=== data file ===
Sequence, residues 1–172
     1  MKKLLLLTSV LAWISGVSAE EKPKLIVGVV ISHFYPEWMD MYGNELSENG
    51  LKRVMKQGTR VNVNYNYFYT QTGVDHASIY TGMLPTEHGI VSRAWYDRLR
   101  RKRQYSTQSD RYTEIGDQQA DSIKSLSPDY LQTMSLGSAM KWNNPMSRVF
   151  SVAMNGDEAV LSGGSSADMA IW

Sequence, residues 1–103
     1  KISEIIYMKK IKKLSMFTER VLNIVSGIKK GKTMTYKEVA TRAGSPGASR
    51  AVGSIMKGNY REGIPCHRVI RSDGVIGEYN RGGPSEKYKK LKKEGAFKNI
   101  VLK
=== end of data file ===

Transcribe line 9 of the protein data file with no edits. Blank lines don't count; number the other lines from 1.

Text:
   101  VLK